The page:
No Exceptions


The mood of the encampment shifted as a scout brought in a whimpering Regarian. Jena flinched inwardly, but the healer in her stayed professional. “Is it the parasite?” she asked as the scout helped him onto a cot.

He pulled off his boot. The all-too familiar silvery growth enveloped most of the Regarian’s foot but the lack of smell told Jena it was still possible to save him.

“Please,” he whimpered. “Don’t let me die.”

Jena sighed. “You’ll have to follow our rules. That includes regular usufruit consumption.”

He wrinkled his nose but nodded. “Do I have to swear loyalty?”

“No, but if you don’t cooperate with the medicinal regimen you’ll have to leave. No exceptions.”

Another healer handed him a bowl full of mush made from the pungent fruit. Jena touched her bracelet and turned away. What would Joya say if she could see her treating a Regarian?

It didn’t matter. She hadn’t seen her sister in months, not since she refused to touch the fruit.


“Do what you want, little sis,” Joya had said. “But getting us to eat that nasty fruit is all part of a plot to make us weak.”

“That makes no sense. People have eaten the fruit long before the silver-death. Just not that much of it.”

“If you buy into that Regarian fiction about the silver-death, it just lets them know you’re easier to control,” Joya scoffed.

“The silver-death doesn’t care if you’re Regarian or Dyronese. Think, Joya! If the fruit doesn’t work, the worst that will happen is we’ve eaten smelly fruit and have bad gas. Think of what you risk by not eating it.”

“I risk nothing. I have my strength and the strength of our ancestors. Don’t worry, sis. I’ll leave without a fuss. And when I return, I’ll have stories of battles, and a new bracelet for you.”


Neither Jena nor the other healers showed a sign of the silver death, despite treating dozens of patients with them. The fruit purged all but the direst cases of growth. She hoped she’d see Joya at the end of all this. But for now, she had her wits and her ancestors' instincts of survival. That was, hopefully, enough.




Photo by Jed Owen on Unsplash


Song Choice: Stay Alive from Hamilton

This flash fiction piece was created as a response to the prompt given for Poets and Storytellers United's Weekly Scribblings post, Writing as a Metaphor for Living. The words I used were mood, plot, and fiction.

25 comments:

  1. Terrific in its own right, and also as an allegory. If only those who need it would get this message!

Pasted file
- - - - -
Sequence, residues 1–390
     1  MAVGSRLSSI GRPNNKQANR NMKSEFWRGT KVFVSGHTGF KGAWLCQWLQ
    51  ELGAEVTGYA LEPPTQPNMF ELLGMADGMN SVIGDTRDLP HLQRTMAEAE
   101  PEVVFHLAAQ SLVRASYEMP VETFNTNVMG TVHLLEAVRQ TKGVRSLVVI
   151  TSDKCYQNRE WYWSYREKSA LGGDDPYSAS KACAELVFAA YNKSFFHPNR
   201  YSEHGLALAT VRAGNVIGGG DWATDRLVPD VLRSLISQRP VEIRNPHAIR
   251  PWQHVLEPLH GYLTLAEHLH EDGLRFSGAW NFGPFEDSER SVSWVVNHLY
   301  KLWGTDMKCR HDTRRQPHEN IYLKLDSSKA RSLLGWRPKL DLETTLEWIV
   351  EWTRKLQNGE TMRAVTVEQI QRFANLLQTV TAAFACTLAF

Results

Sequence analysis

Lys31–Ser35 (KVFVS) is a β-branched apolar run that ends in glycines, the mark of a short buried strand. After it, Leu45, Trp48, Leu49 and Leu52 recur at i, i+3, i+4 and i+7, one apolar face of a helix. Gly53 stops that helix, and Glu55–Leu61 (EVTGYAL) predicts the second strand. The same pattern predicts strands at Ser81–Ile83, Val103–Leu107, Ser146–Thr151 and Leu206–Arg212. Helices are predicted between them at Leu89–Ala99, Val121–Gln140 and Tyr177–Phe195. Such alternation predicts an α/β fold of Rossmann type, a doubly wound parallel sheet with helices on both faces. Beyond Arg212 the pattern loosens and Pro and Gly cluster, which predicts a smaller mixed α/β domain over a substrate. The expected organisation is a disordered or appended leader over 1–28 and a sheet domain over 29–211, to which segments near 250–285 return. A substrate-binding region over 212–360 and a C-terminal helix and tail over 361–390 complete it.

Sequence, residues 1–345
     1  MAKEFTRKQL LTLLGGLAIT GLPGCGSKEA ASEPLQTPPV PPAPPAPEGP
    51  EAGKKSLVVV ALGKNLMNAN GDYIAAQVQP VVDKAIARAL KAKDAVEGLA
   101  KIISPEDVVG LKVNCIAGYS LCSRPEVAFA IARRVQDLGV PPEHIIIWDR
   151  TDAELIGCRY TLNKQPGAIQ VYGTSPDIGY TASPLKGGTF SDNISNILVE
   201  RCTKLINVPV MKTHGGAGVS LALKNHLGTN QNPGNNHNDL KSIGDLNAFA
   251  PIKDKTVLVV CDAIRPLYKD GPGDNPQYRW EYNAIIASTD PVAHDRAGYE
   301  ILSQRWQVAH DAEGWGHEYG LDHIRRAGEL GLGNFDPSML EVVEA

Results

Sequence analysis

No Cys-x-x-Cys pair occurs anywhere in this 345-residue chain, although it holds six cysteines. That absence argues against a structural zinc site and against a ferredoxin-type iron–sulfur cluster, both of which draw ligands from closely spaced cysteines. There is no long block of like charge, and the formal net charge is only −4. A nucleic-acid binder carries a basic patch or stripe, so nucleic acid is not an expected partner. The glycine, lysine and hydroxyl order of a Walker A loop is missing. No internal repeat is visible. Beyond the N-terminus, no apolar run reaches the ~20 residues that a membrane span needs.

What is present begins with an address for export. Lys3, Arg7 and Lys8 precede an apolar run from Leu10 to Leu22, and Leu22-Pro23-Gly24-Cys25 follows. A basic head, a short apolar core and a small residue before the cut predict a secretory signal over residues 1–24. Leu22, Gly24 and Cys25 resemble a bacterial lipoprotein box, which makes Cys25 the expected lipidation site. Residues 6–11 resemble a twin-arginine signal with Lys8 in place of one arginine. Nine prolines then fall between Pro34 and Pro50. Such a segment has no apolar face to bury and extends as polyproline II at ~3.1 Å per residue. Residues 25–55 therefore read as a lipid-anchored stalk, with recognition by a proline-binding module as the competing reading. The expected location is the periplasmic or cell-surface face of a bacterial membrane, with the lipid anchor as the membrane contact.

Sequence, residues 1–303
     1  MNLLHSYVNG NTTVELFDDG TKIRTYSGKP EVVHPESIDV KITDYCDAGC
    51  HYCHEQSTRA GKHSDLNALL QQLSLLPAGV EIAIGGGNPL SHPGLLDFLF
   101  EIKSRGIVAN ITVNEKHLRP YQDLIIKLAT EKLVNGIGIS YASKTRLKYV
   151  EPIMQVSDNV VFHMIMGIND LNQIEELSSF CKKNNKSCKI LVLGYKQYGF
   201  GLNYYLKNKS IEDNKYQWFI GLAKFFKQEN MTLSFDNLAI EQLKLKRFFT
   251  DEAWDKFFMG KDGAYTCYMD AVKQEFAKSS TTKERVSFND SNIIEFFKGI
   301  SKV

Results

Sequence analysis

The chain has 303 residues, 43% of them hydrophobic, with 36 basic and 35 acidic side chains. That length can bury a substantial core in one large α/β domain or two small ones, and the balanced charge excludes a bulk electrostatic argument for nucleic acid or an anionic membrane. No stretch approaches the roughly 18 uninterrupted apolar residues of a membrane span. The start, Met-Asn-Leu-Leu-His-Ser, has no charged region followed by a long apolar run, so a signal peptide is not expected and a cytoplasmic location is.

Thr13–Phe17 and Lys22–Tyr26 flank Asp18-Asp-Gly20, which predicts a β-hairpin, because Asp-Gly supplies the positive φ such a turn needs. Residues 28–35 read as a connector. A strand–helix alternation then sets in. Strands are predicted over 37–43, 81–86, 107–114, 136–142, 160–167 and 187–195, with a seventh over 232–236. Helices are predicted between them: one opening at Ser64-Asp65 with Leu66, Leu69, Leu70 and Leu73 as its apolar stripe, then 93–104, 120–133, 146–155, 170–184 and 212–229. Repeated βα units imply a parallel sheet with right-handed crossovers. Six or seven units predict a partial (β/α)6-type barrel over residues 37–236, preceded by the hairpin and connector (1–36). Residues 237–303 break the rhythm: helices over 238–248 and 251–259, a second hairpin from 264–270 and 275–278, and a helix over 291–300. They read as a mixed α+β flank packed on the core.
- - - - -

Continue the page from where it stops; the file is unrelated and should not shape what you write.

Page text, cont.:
ReplyDelete
  2. This is incredibly riveting, Rommy!💝 There is a moral here that needs to be widespread.

    ReplyDelete
  3. You tell it like it is, Rommy! Although it is written in the third person, the story is firmly told from Jena’s perspective. Your description of Jena is so human in the sentence: ‘Jena flinched inwardly, but the healer in her stayed professional.’ I don’t know what’s worse, a virus you can’t see or sense in any way or a parasite that causes a silvery growth that smells and can only be treated with a smelly fruit.
    I looked up usufruit and was surprised to see that the word exists. It’s not a fruit! It’s legal thing like a trust that allows an individual to give the freehold of a property to an individual but allows someone else (a life tenant) to use the property during their lifetime. That made me smile.
    I love Jena’s reply to Joya: “Think, Joya! If the fruit doesn’t work, the worst that will happen is we’ve eaten smelly fruit and have bad gas. Think of what you risk by not eating it.”

    ReplyDelete
  4. How relevant is a tale like this as we see some nations and states all over the world failing to sensibly battle the Corona virus.

    ReplyDelete
  5. The real hero resides in us all. Could we all be like Jena, a wonderful world results
    Happy Wednesday

    Much💙love

    ReplyDelete
  6. A brilliant bit of flash fiction!

    ReplyDelete
  7. The Joyas of the world fill me with both sadness and frustration. Ignorance, suspicion (even if justified), and the old I-know-better syndrome claim so many lives all the time. It makes no sense. What's the harm in doing something the doesn't hurt if it might save lives?

    ReplyDelete
  8. Just finished reading this, and in your voice too! All in my mind of course. Not aloud lol ;). It was beautiful.

    ReplyDelete
  9. I love the worlds you build. Your dreams must be all dragons and magic! Jena..a woman of faith, Joya...a warrior. I want to see more of these characters.

    ReplyDelete
  10. A healer and a warrior, battling the same world in a different way. A science fiction story.
    I also read two different points of view as an allegorical tale. Both interesting.

    ReplyDelete
  11. A story for our time! Now, if only such a fruit were available for those stricken with Covid-19.

    ReplyDelete
  12. Interesting metaphor. Where can I find this fruit? And...what's with the bracelet?

    ReplyDelete
  13. A clever parallel to our times. Gas is a small price to pay...

    ReplyDelete
  14. Mirrors our times perfectly! Will there be a brutal second wave and will there still be naysayers...???!

    ReplyDelete
  15. So many takeaways from your piece, Rommy. But how well it depicts the ills of our times! So cleverly captured.

    ReplyDelete
  16. So are you telling me Regarians had Covid 19 or something like that before us? Oops! I just noticed MMT suggested something similar!

    ReplyDelete
  17. A well-written piece that has significant symbolism in it. Well-done!

    ReplyDelete
  18. Enjoyed this very much; the story and the metaphor alike.

    ReplyDelete
  19. Fruit and masks--sigh--if only those who needed to could read this--wonderfully told!

    ReplyDelete
  20. Powerful and relevant. Good piece.

    ReplyDelete
  21. Fantastic story. Will there be a Part 2?

    I love the photo. It makes me hungry for something covered in powdered sugar. A fig, I think.

    ReplyDelete